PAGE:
Butler added that short-term odors might be caused with good intent, for instance when workers need to hose off sludge that unexpectedly accumulates on a clarifier during the last stage of the secondary treatment process. The work might generate a brief odor issue, but it will head off a much bigger and stinkier problem.
What’s that Smell?
Different parts of the wastewater treatment process create different odors, which is why it’s so important for hotline callers to be ready with as much information as possible, including an address and a description of the smell.
There’s a slightly different chemistry to sewage odors, and that can help operators identify possible sources.
For example, the unpleasant “rotten egg” smell most people associate with sewage is hydrogen sulfide, a gas created inside sewer pipelines that’s most noticeable where the wastewater enters the treatment plant. Strong nitrogen and ammonia odors are more commonly associated with the Biosolids processing areas, which is where the solids are separated and dewatered. People with very sensitive noses might even pick up scents like cat urine or rotting cabbage. Wind and atmospheric conditions offer additional clues.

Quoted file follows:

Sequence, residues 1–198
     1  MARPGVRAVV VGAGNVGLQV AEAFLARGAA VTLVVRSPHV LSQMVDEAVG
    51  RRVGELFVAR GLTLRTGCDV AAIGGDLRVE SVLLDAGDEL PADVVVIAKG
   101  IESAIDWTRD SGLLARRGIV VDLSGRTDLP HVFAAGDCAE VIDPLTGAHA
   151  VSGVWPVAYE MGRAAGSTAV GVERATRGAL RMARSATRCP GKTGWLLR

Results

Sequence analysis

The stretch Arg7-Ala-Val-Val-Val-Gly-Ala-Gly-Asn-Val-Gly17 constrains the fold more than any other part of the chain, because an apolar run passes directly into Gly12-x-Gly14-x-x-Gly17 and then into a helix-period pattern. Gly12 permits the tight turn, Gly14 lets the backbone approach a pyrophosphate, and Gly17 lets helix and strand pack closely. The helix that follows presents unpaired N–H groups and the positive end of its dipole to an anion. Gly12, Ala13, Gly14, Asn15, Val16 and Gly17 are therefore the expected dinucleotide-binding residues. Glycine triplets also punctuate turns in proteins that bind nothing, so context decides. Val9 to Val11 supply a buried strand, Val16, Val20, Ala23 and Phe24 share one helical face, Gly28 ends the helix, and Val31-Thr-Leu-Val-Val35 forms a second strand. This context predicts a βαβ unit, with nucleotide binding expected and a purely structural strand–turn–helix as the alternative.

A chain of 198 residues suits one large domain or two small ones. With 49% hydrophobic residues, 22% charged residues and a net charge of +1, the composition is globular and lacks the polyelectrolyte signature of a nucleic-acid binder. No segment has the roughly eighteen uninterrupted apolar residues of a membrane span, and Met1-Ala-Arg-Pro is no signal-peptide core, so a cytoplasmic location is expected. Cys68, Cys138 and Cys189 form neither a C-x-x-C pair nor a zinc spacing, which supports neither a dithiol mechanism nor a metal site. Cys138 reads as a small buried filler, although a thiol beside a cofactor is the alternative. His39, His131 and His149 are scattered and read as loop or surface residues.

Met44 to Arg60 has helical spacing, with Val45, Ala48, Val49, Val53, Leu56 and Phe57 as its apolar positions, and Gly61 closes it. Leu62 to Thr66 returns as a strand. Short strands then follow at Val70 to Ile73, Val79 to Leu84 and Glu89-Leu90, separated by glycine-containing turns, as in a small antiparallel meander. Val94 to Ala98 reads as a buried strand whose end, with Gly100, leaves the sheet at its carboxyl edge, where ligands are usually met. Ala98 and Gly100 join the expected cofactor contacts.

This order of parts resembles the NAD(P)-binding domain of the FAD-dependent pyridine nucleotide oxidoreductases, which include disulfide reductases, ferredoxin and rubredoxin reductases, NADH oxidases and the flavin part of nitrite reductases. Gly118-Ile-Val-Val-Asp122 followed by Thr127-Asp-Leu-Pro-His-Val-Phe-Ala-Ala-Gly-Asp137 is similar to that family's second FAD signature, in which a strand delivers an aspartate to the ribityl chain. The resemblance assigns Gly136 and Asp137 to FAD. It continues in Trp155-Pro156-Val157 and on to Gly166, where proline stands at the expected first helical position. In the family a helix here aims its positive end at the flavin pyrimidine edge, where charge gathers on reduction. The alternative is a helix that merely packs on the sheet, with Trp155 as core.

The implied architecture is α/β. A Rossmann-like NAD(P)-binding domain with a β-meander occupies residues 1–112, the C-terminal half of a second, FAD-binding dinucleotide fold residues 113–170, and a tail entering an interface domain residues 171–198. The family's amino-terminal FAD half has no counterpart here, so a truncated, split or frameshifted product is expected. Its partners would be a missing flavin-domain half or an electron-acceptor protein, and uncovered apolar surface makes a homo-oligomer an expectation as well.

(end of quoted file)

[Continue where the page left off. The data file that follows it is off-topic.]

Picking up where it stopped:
“It helps if people can ask friends or neighbors if they’re experiencing a similar odor,” said Wohlfert. “All the complaints we get have credence, but it’s a pretty good indicator when three buildings and a complex say ‘something’s ripe.’”
But the business of identifying the odors and their source can sometimes be tricky, even for seasoned wastewater professionals.